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American Libraries Live Tackles Tablets and Mobile Tech

Submitted by Daniel A. Freeman on November 7, 2013 - 9:22am

On the next episode of American Libraries Live, our expert panel will be discussing tablets and mobile technology and how its impacting the library world. While a lot of the conversation will focus on devices, one of the overlooked aspects of this topic is connectivity and bandwidth. The rise of mobile technology in libraries has created new issues in these areas and new needs for institutions that strive to be as mobile-friendly as possible. Read More »


SirsiDynix Acquires EOS International

Submitted by Marshall Breeding on November 6, 2013 - 12:40pm

SirsiDynix has acquired EOS International from its co-founder and Chief Executive Officer Scot Cheatham effective November 1, 2013.   The transaction was conducted entirely from financial resources within SirsiDynix without additional backing from its private equity owner, Vista Equity Partners.  The acquisition of EOS International will expand the presence of SirsiDynix in the small library arena, and will strengthen its overall position in terms of revenue, customers served, and product offerings.  SirsiDynix provides a stable and expansive business environment for the ongoing support, development and marketing of EOS International products as its current owner and CEO sells the company. Read More »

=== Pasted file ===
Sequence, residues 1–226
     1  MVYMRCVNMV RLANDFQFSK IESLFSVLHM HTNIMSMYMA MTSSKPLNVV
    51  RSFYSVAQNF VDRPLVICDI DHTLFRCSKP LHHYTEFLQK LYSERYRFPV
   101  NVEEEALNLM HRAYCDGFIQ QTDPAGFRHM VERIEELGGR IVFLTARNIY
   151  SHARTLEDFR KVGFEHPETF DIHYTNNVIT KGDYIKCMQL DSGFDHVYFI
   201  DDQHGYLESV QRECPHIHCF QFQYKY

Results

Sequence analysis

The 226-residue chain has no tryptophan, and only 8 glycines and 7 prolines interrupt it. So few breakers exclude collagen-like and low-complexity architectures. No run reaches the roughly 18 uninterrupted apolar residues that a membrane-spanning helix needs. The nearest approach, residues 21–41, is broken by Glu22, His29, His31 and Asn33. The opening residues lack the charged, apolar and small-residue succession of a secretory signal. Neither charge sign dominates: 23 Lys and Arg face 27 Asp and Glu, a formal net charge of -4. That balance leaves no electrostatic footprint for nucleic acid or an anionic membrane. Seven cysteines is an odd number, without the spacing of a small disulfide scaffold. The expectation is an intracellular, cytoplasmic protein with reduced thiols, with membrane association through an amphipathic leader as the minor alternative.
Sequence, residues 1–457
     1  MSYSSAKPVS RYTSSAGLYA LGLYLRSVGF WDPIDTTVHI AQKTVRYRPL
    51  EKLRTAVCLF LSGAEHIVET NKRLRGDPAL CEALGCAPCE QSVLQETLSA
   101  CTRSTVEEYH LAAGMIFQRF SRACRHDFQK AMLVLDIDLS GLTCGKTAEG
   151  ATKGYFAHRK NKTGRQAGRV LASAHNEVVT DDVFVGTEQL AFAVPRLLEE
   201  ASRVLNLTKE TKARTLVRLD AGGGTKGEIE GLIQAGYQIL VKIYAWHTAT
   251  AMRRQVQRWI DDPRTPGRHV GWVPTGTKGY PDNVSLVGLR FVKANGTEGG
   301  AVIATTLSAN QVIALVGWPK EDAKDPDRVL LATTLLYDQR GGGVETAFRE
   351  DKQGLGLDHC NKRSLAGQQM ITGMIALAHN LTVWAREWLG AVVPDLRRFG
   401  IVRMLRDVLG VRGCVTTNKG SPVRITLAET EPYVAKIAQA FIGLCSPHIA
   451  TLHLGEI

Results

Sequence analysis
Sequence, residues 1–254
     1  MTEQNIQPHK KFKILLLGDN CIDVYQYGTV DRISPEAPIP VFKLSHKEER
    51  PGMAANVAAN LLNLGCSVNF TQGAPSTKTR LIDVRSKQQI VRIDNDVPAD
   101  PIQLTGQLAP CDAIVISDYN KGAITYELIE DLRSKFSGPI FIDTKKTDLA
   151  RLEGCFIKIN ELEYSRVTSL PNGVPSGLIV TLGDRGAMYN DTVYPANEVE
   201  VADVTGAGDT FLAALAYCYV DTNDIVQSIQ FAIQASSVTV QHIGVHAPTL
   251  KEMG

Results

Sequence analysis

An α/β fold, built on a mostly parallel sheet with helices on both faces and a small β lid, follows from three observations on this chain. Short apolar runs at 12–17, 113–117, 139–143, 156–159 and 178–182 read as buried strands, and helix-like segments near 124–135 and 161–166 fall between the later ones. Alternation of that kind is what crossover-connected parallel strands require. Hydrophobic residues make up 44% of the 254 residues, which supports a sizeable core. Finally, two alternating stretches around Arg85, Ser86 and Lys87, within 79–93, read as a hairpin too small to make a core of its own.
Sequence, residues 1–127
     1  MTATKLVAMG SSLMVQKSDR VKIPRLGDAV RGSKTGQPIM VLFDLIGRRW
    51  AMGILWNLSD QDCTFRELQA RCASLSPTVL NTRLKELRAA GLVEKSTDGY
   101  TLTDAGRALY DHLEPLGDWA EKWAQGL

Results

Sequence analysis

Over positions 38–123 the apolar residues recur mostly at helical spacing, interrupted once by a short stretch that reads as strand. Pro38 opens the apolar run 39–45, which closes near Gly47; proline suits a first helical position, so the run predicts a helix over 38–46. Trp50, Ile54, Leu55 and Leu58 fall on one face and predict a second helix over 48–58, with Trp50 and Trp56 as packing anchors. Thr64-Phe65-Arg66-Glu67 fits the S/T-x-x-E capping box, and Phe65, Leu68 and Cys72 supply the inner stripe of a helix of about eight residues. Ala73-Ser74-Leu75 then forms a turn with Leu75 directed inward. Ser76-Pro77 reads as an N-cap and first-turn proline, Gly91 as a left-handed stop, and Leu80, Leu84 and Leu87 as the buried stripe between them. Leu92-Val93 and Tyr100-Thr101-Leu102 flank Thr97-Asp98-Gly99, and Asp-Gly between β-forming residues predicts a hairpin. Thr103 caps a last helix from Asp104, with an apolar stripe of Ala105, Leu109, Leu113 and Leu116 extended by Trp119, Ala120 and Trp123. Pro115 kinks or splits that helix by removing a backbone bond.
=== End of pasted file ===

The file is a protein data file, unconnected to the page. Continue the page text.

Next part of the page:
Done in WordPress: The Grove Library

Submitted by Amanda L. Goodman on November 1, 2013 - 9:56am

Editor's Note: This is the second in a series of posts profiling library websites developed on the WordPress platform, excerpted from The Comparative Guide to WordPress in Libraries, a forthcoming LITA Guide to be published in December.